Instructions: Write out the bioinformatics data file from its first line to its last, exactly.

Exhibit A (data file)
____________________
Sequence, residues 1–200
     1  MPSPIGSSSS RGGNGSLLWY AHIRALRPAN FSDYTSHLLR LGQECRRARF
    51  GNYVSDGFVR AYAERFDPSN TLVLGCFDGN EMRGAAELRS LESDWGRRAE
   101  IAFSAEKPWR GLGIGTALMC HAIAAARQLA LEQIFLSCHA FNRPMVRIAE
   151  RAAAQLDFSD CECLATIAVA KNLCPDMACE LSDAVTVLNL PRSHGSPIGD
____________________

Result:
Sequence, residues 1–200
     1  MPSPIGSSSS RGGNGSLLWY AHIRALRPAN FSDYTSHLLR LGQECRRARF
    51  GNYVSDGFVR AYAERFDPSN TLVLGCFDGN EMRGAAELRS LESDWGRRAE
   101  IAFSAEKPWR GLGIGTALMC HAIAAARQLA LEQIFLSCHA FNRPMVRIAE
   151  RAAAQLDFSD CECLATIAVA KNLCPDMACE LSDAVTVLNL PRSHGSPIGD